+- <1-> Department of Commerce relaxed rules in 2000\cite{doc:rev-export-reg}
-TODO
+#+BEGIN_COMMENT
+In order to publish information on encryption algorithms and the like,
+ you had to get permission from the government.
+
+In 1995, Daniel Bernstein---then a graduate student---wanted to publish the
+ source code and mathematical papers for his encryption algorithm
+ /Snuffle/.
+Like Zimmerman,
+ Bernstein thought export restrictions to be a violation of his First
+ Amendment rights.
+But instead of blatant defiance,
+ he decided to sue the US government.
+He was represented by the EFF.
+The Ninth Circuit Court of Appeals ruled in his favor.
+
+The following year, President Bill Clinton signed an executive order that
+ removed encryption from the munitions list,
+ and in 2000 the Department of Commerce relaxed export restrictions.
+
+You might have heard the term "code is speech".
+Bernstein v. United States case had wide-reaching consequences,
+ not just for cryptography.
+Source code is protected under the First Amendment.
+
+(See also Junger v. Daley.)
+#+END_COMMENT
+
+
+**** DRAFT The First Crypto Wars
+:PROPERTIES:
+:DURATION: 00:01
+:END:
+
+- <1-> These incidents part of the first Crypto Wars\cite{w:crypto-wars}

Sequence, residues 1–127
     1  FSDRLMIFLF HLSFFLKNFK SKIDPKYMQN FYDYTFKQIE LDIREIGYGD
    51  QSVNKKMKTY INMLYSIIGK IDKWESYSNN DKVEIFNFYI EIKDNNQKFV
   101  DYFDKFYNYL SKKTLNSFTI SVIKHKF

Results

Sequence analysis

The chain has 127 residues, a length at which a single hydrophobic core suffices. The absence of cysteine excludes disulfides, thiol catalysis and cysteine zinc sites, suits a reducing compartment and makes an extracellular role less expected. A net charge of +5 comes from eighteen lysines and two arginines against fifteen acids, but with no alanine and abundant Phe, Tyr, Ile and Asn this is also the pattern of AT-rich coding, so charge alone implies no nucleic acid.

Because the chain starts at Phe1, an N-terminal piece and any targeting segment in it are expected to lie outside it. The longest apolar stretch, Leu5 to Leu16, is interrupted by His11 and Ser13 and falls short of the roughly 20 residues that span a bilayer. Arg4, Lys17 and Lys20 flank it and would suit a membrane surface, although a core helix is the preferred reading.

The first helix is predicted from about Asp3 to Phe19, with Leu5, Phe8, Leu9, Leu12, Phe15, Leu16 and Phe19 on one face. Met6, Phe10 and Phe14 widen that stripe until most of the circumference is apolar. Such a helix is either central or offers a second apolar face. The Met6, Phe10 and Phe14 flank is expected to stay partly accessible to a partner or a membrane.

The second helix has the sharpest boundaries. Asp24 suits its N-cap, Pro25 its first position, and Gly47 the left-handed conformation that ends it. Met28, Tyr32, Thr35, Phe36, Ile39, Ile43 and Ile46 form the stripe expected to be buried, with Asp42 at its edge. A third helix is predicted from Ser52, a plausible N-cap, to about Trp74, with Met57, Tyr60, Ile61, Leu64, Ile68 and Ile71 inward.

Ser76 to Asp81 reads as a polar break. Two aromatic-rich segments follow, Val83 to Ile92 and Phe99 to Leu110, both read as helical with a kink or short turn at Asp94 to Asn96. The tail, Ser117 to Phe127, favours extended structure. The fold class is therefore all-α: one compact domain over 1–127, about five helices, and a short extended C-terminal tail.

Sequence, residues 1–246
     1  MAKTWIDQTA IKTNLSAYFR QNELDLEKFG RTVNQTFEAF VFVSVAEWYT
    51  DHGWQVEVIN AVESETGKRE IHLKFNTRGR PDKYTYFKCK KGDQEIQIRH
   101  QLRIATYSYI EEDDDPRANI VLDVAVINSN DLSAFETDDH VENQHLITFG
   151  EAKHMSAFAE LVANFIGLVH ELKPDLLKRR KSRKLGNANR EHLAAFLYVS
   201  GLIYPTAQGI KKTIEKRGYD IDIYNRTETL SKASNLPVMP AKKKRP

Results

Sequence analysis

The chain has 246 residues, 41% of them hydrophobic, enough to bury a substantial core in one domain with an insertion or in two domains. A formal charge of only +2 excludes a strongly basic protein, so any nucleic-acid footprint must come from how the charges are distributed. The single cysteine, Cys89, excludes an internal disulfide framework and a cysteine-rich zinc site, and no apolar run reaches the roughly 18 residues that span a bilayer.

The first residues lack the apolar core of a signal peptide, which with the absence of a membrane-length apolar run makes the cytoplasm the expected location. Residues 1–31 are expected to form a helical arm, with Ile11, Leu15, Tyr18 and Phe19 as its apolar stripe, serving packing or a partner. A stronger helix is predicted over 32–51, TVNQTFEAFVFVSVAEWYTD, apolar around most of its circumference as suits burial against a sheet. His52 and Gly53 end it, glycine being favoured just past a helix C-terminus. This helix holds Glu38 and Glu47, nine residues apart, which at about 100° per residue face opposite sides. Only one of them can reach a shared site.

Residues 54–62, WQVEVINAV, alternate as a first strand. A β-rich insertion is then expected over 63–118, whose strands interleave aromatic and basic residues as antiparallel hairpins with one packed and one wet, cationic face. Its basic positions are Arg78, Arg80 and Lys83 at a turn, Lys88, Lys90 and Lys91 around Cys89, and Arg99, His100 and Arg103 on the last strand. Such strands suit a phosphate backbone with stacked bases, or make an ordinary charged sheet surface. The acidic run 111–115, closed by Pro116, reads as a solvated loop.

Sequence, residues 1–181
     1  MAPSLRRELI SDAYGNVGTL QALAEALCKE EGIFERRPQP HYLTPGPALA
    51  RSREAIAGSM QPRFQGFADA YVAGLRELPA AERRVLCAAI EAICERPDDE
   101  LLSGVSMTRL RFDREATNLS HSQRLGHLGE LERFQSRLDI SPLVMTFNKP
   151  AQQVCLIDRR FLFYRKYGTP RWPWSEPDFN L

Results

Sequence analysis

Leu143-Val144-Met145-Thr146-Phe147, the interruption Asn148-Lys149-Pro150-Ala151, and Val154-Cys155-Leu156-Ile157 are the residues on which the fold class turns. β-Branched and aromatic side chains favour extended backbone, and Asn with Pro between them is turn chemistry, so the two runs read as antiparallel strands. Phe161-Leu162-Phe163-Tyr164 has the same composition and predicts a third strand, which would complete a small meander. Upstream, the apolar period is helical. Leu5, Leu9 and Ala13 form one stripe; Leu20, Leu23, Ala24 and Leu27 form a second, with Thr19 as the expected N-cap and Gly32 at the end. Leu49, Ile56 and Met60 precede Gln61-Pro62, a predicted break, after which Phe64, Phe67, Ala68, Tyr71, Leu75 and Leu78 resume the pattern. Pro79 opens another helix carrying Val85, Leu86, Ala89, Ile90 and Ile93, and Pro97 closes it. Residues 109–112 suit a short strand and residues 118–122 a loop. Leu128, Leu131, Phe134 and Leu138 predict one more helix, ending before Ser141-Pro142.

+- <2-> DES Originally 64-bit key; NSA wanted 48 bits; compromised at 56.
+- <2-> Two version of the browser: 128-bit "U.S. edition" and effective
+ 40-bit "international".
+- <3-> **Clipper Chip** was a hardware backdoor that employed a key escrow
+ system
+ - <3-> Complete failure
+ - <3-> Terribly insecure (property of key escrow in general)
+ - <3-> Opposite effect: spurred development of Nautilus and PGPfone
#+BEGIN_COMMENT
-...
-(Include export-grade crypto)
-(Code is speech)
+These incidents are classified into a period of time informally described as
+ the "Crypo Wars".
+
+There's a couple other good examples that I don't have time to get into:
+ The DES encryption algorithm, for example, was originally 64-bit;
+ the NSA wanted 48-bit, but compromised with 56.